By Linda Xiong
So you’re thinking of starting a YouTube channel. Let me do you a favor and give you a speedy course on what it takes to have the most successful launch. I should know, after all, at the time I’m typing this article, I have a whopping 38 subscribers to my channel.
Tip #1: What is your value? What is your brand? Saying, “I want to start a YouTube channel” may be easy, but it’s actually more complicated than you think. Who will your audience be? Why should they care? What will you promise to give them every time they spend those valuable minutes on your channel? Instead of saying you want to start a channel, instead, try setting up a brand that is consistent and offers what you promise. Take for instance DanTDM, a gamer. On most nights Mr. DanTDM will play the most popular games for a younger audience. I say younger because he does not curse or swear. Odd1sOut, on the other hand, you will have to wait a month before he publishes his funny storytelling animation. Then there are the videos for ladies, such as ItsJudyTime, where make-up tutorials are shown and talked about. These channels, for the most part, will show consistent video content to their audience.
Tip #2: Niche on niche. At first, you might want your channel to be about everything from sewing handbags to running basketball drills. Stop! If you want to start a channel, you must hone down your target, and even further whittle it down. Want to do make-up? Sure, how about make-up only from the Dollar Store. Or if you want to vlog about your family, then focus on vlogging and even further it with vlogging Asian families.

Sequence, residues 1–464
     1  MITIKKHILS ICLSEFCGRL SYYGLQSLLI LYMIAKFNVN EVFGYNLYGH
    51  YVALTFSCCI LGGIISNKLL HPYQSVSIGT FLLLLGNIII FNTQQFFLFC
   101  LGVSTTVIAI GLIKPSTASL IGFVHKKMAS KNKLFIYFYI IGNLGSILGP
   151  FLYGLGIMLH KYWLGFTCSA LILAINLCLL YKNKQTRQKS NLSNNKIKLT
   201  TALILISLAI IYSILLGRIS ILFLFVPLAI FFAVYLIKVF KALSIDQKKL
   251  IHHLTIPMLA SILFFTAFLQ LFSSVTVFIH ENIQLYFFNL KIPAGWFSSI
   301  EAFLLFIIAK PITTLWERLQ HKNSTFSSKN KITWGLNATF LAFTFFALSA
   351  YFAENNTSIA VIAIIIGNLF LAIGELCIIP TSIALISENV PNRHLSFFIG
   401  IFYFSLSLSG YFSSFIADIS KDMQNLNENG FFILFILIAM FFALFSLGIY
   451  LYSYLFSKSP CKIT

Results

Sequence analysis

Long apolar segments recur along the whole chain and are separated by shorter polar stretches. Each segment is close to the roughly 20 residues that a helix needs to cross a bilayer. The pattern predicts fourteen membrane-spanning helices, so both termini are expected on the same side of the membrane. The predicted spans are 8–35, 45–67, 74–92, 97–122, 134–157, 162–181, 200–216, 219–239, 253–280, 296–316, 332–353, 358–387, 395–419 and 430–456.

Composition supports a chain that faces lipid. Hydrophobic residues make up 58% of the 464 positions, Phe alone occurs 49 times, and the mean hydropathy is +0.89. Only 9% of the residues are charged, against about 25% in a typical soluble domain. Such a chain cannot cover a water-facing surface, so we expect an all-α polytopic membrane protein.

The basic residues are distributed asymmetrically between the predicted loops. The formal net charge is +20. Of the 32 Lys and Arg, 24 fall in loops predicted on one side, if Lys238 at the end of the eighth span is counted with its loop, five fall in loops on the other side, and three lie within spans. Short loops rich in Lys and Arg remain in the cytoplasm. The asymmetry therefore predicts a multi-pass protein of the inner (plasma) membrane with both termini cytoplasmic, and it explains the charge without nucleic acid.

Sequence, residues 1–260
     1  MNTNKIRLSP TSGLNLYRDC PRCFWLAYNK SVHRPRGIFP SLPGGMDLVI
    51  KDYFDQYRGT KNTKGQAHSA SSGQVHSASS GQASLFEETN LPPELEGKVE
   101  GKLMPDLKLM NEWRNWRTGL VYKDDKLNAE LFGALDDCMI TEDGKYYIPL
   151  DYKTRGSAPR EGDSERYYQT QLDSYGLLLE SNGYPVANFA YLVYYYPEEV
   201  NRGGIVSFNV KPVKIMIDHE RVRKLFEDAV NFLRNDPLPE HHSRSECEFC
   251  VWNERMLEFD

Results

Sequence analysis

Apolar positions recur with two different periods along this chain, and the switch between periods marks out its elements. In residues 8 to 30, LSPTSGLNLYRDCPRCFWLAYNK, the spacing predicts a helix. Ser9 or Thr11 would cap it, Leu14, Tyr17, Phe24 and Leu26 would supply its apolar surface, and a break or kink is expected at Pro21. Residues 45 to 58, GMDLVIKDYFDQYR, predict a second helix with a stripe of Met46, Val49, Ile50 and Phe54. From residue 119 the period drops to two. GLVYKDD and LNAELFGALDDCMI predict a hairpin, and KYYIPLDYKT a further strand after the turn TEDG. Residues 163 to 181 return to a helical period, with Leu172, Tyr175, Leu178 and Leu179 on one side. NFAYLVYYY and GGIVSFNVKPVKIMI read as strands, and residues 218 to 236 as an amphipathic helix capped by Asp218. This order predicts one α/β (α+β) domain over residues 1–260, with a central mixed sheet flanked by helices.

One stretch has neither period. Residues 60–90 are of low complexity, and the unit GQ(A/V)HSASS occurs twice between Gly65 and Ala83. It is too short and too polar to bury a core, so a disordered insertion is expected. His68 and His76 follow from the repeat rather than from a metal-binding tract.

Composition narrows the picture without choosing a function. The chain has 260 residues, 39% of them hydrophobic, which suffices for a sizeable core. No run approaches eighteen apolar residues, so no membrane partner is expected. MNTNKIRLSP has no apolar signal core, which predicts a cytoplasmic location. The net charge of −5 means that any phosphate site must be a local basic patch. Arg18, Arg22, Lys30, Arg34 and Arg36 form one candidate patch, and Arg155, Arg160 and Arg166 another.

The mistake is that when you want your channel to be about everything, it eventually becomes a channel about nothing. Yes, there is strategy involved. Let’s say you want to cover a few topics that you really love. Choose one, and really focus on that channel. If a year from now your channel does do well, then you can branch off to start other channels as well. Focus on one thing at a time.
On my channel, Mom Gamers, my focus target is for mothers, I narrow it down further by mainly talking about relationships and budgeting. Do not think of trying to be the most popular channel on the history of YouTube ever, but rather targeting that smaller group who would appreciate and enjoy your channel.
Tip #3: Subscribers versus views. What do you think is more important? It is views, more accurately watch time/minutes. Subscribers are an indicator of how successful the channel is, but watch time gets you paid from YouTube, roughly two dollars per thousand views. Your job as a YouTuber will be to have viewers stay on the platform for as long as possible. Even if you have short videos, say just one minute, and they stay on the entire minute, YouTube likes those statistics and will try to promote your channel on people’s home pages. Also, ‘Session Time’ which is a viewer’s entire time on YouTube by clicking the suggested videos from your first video is the most popular way viewers stay on.
As you can tell, we are just beginning to scratch the surface of this amazing platform, a platform where anyone can produce anything. The next issue of Hmong Times, I’ll go deep into starting a channel with logos, banners and equipment. Look up my channel, Mom Gamers, where I occasionally show you audio techniques and how to set up a channel. Tell a mom about my channel and remember to like and subscribe.